Few riders will touch down in Rio with their careers so intrinsically and emotionally tied to the Olympic Games as Taylor Phinney. After all, there aren't many riders who can claim to have Olympic champions as parents, who brought gold medals into show-and-tell at school, and who have staked so much on success this time around.
Still just 26 years of age, Rio marks Phinney's third Games after a baptism of fire on the boards as a teenager in Beijing, and the two fourth places in the road race and the time trial in London four years later. Coming so close to medals in 2012 might typically gnaw away at a rider but, as Phinney explains, so much has happened in the last two years of his life that everything he has achieved and everything he has lost is seen with a greater sense of perspective.
"London was a pretty long time ago, and I do see myself as a different human being in the way that I view things and how everything fits together," Phinney tells Cyclingnews.
A huge factor in Phinney's outlook stems from the career threatening crash he endured just over two years ago when he broke his left leg in a horrific race accident. A long and painful rehabilitation followed with operations to heal the physical wounds and support from those around him to deal with the mental and emotional traumas he sustained.
A return to cycling followed in 2015, and success came with it, but Phinney admits that it has taken the Rio Games for him to truly re-set his career and put to rest the doubt had led him to question his future within cycling.
"I went through a period where I was strongly considering just taking a break," he says when asked about rumours he considered retirement.
"I was thinking about stepping away and travelling. That would have been all on my bike but I realised that in life there's always a balance and being able to race my bike professionally is something I'm very lucky to do. But to come to that conclusion, I had to question everything.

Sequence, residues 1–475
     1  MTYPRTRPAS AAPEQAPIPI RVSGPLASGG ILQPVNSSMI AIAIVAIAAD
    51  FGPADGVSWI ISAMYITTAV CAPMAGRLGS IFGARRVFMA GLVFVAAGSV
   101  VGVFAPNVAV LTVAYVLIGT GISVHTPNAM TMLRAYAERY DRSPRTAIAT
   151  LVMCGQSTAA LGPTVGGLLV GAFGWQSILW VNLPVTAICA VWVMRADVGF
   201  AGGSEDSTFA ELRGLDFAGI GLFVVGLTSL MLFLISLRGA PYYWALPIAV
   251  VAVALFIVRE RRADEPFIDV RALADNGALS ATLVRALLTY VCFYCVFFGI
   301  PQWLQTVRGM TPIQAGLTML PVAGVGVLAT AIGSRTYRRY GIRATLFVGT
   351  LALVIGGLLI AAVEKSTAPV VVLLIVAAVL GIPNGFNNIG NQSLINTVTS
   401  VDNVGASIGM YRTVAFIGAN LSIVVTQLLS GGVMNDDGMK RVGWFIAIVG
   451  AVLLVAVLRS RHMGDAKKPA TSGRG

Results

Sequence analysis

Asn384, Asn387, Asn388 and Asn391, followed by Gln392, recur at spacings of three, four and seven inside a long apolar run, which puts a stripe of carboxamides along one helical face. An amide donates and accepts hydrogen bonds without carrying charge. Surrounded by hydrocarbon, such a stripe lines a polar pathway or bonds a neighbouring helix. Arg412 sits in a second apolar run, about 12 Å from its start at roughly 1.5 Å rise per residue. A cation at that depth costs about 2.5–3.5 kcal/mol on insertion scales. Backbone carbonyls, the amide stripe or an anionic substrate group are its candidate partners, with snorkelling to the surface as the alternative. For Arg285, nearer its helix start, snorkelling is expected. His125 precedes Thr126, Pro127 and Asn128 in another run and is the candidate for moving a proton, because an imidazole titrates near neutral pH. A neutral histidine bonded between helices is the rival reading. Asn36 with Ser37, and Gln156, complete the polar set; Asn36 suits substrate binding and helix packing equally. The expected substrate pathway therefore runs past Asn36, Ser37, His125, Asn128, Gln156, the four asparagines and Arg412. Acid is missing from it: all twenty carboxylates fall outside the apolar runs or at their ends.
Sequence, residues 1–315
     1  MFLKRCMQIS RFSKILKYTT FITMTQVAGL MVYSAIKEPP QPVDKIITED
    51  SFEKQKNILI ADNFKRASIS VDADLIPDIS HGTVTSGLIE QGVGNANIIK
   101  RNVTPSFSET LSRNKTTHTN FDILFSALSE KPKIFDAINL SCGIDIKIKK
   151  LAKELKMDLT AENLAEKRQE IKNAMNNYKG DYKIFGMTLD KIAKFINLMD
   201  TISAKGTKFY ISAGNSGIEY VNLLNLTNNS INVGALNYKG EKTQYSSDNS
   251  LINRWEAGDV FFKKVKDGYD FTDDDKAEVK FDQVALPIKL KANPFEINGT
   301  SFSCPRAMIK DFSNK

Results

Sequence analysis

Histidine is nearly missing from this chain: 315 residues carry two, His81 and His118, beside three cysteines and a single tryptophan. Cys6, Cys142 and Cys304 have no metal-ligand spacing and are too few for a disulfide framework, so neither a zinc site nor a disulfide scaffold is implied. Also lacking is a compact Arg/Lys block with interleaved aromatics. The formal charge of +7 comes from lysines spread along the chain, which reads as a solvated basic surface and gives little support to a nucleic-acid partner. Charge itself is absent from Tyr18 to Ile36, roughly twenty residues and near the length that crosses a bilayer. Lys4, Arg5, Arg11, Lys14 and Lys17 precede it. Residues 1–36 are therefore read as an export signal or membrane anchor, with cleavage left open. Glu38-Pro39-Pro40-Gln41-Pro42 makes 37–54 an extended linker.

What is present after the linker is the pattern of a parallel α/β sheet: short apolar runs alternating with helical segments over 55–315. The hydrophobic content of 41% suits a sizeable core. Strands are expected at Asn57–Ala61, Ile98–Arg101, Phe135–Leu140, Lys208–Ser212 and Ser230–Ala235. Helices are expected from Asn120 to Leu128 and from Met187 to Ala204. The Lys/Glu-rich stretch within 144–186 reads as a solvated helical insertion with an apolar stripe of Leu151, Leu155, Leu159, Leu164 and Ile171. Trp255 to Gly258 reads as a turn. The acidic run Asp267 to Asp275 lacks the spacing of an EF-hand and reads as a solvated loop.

"I'm sure at some point that the doubts and the questions will start to creep in again but the most important thing I've learnt is to have that conversation with yourself and then to grow as a human first and athlete second.
"I say a lot of things," he says before pausing, "but I'll most probably be racing next season. Yeah, I'll be racing."
Phinney points to a fellow Olympian, Jesse Sergent, who also suffered a serious crash, but has recently turned away from cycling to pursue new goals.
"Look at one of my really good friends Jesse, who just retired. This is a sport that is very difficult and causes a lot of confusion and self-doubt. There aren't a lot of team environments equipped to help riders through those sort of episodes," he says.
"I think that everyone one of us has come to the point where we thought, maybe we shouldn't do this, but through giving myself the chance to think about doing something else and taking a step away, I've been able to come full circle and create more understanding as to why I do this, why I race my bike and what I means to me."
If Phinney has found balance physically, in both his right and left legs, as well as mentally, it is has been through the help of his support crew. After the Classics campaign this year, he returned to the US to refocus and recalibrate. The Olympics that had been pencilled in as his main objective were approaching and the decision was made to relinquish any desires of racing a Grand Tour and simply focus on the Rio time trial. There would be one more trip to Europe in June for a small stage race but after that it was back to Colorado.